As much as I love old-school D&D, the thing that pisses me off the most is treasure. There are no specific guidelines for treasure distribution, not in the original materials or the retroclones based on them. Whenever I’d look through forums for some guidance, the answer was always something like “just do what feels good, man,” or an off-hand reference to the Treasure Type tables which have been just about as helpful to me as a fortune cookie. It’s almost like handing out loot is just instinctual to every gamer in the OSR but me. This wouldn’t irk me so much if it weren’t for the fact that treasure and experience points are intrinsically tied (and for the fact that I love gold-for-XP and how it functions in the gamespace so much that I don’t want to use an alternative advancement method).
Well, it took a lot of reading between the lines, but I think I finally get what you all are talking about. And I’m putting it to ink here so that anyone else who has the same trouble can just read it and get on with their game.
Over and over again, I kept coming back to the concept of dungeon levels. That if an adventuring party clears the first floor, then and only then would they be strong enough to attempt the second level. This was the clearest parameter of “who should get what experience when” that I could find. I interpret this to mean that a party of four 1st level Fighting Men should more-or-less reach 2nd level by the time they clear the first floor. You can pepper monsters and treasure throughout the floor however you want – hidden, lumped in big piles, in the form of gold-plated statues, or otherwise – as long as the total experience points for completing that floor advances the party to 2nd level (with the Fighting Man progression being the golden standard). That’s where the “intuition” and the Treasure Tables come in: useful methods for spreading that treasure out. Everything in a dungeon floor is balanced against that floor’s budget, and it’s often randomized so you don’t get the same thing every time.
What really made this revelation slow-coming was that I never made the leap between dungeon levels and adventures of other types. So a 3rd-level adventure would contain enough treasure to get a party of four 3rd-level Fighting Men to 4th level. The increased challenge is reflected in the sheer enormity of the treasure (as opposed to the pocket change and rotting wooden chests of 1st level), which requires either a shitload of low-level monsters or much higher level monsters in order to distribute efficiently, and much nastier traps to protect it.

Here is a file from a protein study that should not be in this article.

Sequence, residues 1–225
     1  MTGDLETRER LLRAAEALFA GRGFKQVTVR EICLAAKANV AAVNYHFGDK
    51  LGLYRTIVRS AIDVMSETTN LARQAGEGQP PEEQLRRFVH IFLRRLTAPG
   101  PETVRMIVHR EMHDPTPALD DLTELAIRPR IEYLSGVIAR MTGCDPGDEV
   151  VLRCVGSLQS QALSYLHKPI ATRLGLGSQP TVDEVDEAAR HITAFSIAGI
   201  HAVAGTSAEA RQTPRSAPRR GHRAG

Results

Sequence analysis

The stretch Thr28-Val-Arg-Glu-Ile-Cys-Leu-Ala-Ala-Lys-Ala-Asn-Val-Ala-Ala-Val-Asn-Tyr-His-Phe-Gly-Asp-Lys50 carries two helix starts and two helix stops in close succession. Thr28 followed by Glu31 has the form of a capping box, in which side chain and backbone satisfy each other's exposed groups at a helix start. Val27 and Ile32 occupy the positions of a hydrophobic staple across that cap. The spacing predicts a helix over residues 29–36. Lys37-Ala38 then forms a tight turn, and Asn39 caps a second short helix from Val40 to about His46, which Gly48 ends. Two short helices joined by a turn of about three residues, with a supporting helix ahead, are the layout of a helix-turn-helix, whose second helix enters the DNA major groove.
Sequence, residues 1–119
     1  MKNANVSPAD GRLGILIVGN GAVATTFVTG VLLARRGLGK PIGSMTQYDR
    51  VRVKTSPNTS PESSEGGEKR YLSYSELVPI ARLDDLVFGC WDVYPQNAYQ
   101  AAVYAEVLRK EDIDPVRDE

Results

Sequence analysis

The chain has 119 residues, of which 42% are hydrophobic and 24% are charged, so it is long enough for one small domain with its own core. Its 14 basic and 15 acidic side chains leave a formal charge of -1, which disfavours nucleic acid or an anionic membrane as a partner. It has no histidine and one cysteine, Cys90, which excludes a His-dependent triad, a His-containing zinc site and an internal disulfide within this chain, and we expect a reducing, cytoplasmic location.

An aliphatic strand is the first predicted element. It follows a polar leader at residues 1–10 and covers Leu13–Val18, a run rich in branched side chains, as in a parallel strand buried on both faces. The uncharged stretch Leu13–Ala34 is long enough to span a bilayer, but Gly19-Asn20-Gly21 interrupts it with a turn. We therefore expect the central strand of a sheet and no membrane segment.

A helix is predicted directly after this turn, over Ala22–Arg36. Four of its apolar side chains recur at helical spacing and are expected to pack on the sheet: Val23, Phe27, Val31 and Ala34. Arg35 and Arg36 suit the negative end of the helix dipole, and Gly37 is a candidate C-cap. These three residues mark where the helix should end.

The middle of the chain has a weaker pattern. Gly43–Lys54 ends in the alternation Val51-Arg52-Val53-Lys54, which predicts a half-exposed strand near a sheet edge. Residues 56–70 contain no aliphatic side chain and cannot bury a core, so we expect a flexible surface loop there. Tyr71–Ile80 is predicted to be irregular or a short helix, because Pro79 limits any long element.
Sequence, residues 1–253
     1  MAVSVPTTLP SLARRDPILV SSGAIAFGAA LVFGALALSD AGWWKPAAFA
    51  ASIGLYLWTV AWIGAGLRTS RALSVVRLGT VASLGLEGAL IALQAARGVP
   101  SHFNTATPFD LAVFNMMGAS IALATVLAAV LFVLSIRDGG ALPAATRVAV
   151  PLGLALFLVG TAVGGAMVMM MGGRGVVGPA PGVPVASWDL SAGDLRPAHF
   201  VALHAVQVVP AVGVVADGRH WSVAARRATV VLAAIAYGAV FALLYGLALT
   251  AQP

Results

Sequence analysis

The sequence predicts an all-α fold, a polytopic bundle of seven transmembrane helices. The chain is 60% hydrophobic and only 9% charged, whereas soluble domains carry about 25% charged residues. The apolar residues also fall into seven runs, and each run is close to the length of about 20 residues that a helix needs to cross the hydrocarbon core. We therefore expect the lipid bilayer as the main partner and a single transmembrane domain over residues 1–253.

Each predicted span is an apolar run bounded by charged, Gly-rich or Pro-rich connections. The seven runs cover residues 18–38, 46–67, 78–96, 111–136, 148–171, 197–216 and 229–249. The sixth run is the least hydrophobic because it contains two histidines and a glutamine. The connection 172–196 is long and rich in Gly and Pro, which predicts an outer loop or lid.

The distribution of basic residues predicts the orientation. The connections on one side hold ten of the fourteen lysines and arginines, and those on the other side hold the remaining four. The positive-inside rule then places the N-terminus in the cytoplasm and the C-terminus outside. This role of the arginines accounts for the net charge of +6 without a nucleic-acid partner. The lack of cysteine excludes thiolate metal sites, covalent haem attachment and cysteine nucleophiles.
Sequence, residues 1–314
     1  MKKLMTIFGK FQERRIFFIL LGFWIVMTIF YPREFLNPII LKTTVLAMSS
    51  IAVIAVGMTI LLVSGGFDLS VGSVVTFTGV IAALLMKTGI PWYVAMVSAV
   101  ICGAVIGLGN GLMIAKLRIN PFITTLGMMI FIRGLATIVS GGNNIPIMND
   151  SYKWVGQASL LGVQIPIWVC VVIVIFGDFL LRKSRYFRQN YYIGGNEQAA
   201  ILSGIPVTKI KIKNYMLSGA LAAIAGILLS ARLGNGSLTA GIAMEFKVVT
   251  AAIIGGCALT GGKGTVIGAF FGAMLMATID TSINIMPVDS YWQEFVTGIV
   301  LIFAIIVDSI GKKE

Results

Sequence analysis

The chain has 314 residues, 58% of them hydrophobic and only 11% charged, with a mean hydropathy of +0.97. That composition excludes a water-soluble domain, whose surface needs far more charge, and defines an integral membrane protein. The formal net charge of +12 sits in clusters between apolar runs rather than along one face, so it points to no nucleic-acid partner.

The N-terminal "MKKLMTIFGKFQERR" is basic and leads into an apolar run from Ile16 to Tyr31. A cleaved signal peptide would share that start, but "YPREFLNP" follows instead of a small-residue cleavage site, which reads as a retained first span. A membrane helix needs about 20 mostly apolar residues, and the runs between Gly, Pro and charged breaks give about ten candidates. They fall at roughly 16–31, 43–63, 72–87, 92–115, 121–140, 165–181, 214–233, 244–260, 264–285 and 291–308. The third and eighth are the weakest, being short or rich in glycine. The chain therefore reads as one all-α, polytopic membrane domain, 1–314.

Since most of the people designing roleplaying games aren’t technical writers – especially Gary Gygax – this concept of a “floor budget” never had more mention than a sentence or two, lost in a sea of graphs and tables. So I passed over that nugget countless times, and I’m sure many of the retroclone writers who had internalized this information over decades of play never saw need to emphasize it. Now that a lot of people from my generation are getting into the OSR – a generation that cut their teeth on Pathfinder and 4th edition – it would be helpful to restructure how that information is presented in future releases. Maybe then I wouldn’t be confused for years on end how an old-school adventure could be rated for “four 3rd-level characters” without discrete encounter building guidelines.
The beauty of gold-for-XP is that there’s no guarantee that the party will get that amount of treasure. They could get less or more, depending on the accessibility and randomness of the treasure, as well as the experience values of the monsters they’re able to kill. This gives adventures like those published by Lamentations of the Flame Princess that much more potency, because you have to overcome various cosmic horrors and grotesqueries in addition to the typical dungeoneering obstacles in order to make the excursion worth it. It’s not a reliable formula the party follows like a trail of breadcrumbs, the burden is on their shoulders to eke out that next level.
I’m honestly sort of embarrassed it took this long for me to figure this out. I plunged headlong into old-school gaming right before I went to university. I feel like I’m knocking off the few remaining rust-knots of modern gaming sensibility that prevented me from fully embracing the OSR. At this rate, I’ll be a grizzled grognard just as I’m getting kicked off my parents’ health insurance.